Walcha History: Parade a real racquet as community parades for squash courts

All the fun of the fair: Part of the big fund-raising street procession for the Walcha Squash Courts – photo courtesy of Barbara McHattan.
All the fun of the fair: Part of the big fund-raising street procession for the Walcha Squash Courts – photo courtesy of Barbara McHattan.

The Walcha News of September 6, 1979 reported: “The Walcha Shire Council has adopted the concept of a Community and Sports Centre to be built within the town. A site has not yet been determined but council hope to acquire land near the swimming pool for that purpose.”

At the time it was expected that the planned $500,000 complex would include a senior citizens centre, an arts and crafts facility, a youth recreation area, a gym, an indoor stadium suitable for both sports and concerts as well two squash courts. It was to be built in four stages with the first being the squash courts and change rooms at an estimated cost of $88,000.

Community fundraising was well in hand and was considerably enhanced by a procession and carnival held on Saturday, September 15, 1979.

Those taking part in the procession assembled at McHattan Park in Walsh Street and proceeded along South, Fitzroy and Derby Streets to arrive at the showground by 12.30pm. Andy Fletcher was the parade marshall and those taking part included flag bearers, the Armidale City Brass Band, scouts, girl guides, young children dressed in “monster” outfits, the Riding Club, floats by the Quota Club, hospital, business houses and Apex Club. There was a display of vintage cars, modern cars, the fire brigade and motor bikes.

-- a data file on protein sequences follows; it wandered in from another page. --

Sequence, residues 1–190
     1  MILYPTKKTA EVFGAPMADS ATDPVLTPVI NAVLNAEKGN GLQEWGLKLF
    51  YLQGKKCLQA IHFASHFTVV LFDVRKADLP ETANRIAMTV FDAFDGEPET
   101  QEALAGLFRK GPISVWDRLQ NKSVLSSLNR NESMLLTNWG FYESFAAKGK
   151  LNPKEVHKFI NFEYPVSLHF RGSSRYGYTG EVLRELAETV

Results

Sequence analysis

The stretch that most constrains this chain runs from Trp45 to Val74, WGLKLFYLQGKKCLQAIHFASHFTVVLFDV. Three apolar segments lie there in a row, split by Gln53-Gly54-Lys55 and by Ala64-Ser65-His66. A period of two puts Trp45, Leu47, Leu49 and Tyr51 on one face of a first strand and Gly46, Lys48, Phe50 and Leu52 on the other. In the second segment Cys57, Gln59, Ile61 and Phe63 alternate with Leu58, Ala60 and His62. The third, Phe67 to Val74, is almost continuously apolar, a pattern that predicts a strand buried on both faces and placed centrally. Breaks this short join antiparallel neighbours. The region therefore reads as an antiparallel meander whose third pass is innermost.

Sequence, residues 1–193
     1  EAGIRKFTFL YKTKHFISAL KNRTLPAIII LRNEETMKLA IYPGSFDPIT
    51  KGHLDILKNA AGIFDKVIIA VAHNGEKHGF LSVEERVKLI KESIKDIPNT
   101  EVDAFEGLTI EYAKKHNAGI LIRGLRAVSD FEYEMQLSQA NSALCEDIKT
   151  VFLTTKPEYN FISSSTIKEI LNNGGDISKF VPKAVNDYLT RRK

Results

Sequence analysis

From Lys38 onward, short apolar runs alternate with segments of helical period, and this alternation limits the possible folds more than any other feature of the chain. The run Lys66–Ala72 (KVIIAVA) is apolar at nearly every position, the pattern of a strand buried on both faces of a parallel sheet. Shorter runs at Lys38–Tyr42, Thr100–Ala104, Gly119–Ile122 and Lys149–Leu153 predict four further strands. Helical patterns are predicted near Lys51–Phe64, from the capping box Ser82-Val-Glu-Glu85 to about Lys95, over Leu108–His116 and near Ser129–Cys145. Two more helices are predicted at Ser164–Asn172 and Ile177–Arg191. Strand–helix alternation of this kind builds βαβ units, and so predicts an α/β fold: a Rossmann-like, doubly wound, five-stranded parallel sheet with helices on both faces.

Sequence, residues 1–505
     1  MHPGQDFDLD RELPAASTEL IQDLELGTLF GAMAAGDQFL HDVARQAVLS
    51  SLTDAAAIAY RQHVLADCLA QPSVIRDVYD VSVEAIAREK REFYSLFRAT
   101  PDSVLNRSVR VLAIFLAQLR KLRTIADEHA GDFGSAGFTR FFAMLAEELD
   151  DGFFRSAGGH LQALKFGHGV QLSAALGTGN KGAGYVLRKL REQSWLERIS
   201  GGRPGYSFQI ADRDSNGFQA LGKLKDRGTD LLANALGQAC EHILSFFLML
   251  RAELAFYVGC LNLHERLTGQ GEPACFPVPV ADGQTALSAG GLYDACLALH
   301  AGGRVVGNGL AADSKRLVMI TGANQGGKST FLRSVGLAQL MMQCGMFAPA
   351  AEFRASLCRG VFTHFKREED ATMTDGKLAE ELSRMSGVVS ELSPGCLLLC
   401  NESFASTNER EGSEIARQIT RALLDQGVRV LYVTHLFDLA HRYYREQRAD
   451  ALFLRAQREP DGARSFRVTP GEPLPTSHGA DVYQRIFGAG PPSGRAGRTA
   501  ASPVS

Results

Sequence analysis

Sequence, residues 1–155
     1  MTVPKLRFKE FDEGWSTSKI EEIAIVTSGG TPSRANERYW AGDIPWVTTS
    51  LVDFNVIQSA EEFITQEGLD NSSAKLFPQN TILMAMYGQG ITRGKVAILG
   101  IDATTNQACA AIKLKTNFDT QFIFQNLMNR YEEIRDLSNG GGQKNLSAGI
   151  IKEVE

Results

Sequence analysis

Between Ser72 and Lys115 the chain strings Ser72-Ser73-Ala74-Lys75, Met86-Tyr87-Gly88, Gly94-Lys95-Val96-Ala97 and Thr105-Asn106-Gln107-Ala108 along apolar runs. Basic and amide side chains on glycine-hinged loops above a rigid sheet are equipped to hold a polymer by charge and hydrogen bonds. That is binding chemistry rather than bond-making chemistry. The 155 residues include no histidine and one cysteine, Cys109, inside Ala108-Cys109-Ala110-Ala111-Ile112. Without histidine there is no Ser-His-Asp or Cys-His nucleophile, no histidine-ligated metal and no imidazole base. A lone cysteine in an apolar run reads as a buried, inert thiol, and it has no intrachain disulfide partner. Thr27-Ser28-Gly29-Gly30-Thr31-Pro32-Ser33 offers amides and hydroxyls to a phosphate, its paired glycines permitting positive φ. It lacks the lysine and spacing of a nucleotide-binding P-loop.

An estimated 2,000 people enjoyed the action at the showground which included a parachute jump, peanut drop, a shearing challenge, a variety of other competitions and a football match between Walcha’s Rugby League and Rugby Union Clubs.

The various events on the day raised $7,000 including a remarkable $3,000 from a raffle for a holiday in Fiji. Peg Rogers won the raffle and took the five-day holiday in the company of her daughter Truda Newman.

In December 1980 council accepted a tender price of $166,500 offered by P.G. Pitman of Uralla to construct Stage 1 of the project. The all-up cost of the work was $190,000 which was met by $17,000 raised by the community, a $35,000 two-for-one government grant and a $138,000 long-term loan.

The facility was officially opened in November 1981.

Read more of Bob Walsh’s Walcha’s history.